Today, Governor Tim Walz and Lieutenant Governor Peggy Flanagan, along with the Minnesota Department of Education (MDE) and the Minnesota Department of Health (MDH), announced Minnesota’s Safe Learning Plan for the 2020-21 School Year

School districts and charter schools will begin in one of three models: in-person, distance learning, or a hybrid model. Experts at the Departments of Health and Education will partner with local school districts and charter schools to help determine which learning model they should use to start the school year.

The decision-making process centers on the health, safety, and wellbeing of our students, staff, and families by using the level of viral activity in the surrounding county and other factors such as the district’s ability to meet mitigation requirements. The learning model decision will be announced by the local school district.

“As a classroom teacher for more than 20 years and a parent of a child in public schools, I am committed to providing a world-class education to our students while keeping them and their teachers safe,” said Governor Walz. “With this approach, we are pairing the knowledge and data from our Departments of Health and Education with the expertise of our local school districts to make the best decisions for our students across the state.” 

The Departments of Education and Health will work with school districts and local health professionals throughout the school year to help districts decide if and when they need to dial between learning models depending on the progression and cause of the virus in their specific community. When switching between learning models, the plan prioritizes keeping younger children in the classroom, understanding that transmission is less likely for younger children and that in-person learning is particularly critical at their developmental stage.

The Governor is also requiring school districts and charter schools to give families the option to choose distance learning for their student no matter which learning model their school district is implementing. Additionally, the Governor is requiring school districts to allow teachers and school employees to work remotely to the extent possible.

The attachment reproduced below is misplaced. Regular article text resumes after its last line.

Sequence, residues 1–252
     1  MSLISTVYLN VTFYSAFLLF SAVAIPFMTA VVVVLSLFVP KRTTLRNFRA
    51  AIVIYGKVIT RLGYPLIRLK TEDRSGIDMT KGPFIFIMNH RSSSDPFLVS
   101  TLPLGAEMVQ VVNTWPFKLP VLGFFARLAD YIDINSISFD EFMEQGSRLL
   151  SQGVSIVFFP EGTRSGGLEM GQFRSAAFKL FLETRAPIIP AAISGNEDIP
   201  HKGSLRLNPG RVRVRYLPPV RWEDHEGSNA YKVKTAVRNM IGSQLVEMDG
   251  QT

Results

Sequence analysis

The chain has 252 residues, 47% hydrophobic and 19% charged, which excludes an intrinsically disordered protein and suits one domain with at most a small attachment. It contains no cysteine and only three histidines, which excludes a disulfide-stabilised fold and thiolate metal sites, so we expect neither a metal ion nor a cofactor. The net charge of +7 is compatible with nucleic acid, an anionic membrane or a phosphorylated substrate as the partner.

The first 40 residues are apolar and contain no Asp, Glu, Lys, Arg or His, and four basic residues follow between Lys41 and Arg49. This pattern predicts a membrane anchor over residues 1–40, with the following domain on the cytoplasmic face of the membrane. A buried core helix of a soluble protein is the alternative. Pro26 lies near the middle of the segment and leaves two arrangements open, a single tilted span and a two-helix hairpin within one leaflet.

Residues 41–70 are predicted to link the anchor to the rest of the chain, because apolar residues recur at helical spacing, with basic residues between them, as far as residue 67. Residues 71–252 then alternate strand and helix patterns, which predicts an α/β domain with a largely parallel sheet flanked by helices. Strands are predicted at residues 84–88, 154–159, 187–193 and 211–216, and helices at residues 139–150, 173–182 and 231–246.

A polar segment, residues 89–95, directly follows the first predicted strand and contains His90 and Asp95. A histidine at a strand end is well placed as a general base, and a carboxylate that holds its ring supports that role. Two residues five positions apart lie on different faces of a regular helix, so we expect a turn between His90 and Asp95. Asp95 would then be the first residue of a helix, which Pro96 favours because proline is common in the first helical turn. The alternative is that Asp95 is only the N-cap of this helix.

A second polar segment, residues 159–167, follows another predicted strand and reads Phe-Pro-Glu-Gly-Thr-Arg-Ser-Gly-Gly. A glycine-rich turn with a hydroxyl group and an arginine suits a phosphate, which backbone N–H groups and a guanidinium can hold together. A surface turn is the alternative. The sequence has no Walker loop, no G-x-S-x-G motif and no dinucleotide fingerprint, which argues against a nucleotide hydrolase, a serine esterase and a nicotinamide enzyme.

More than $430 million in federal funding to help schools, educators, students, and families has been sent out. An addition $250 million will:

  • Provide face coverings for every student, educator, and staff member;
  • Deploy a comprehensive COVID testing plan for educators and staff members;
  • Help cover operational costs, like cleaning supplies, transportation, technology needs, and Wi-Fi access;
  • Boost student, family, and educator support, like digital navigation trainings, tutors, translation services, mental health support, and professional development.

According to the Minneapolis Star-Tribune, the Safe Learning Plan is 21 pages long. The website for the plan was down as of 2:30 p.m. The Star-Tribune said that to fully reopen, a county would need to have fewer than 9 cases of the virus per 10,000 residents over a 14-day period. 

Aitkin County was, as of Thursday morning, at 25 confirmed total cases since the tracking began in March.

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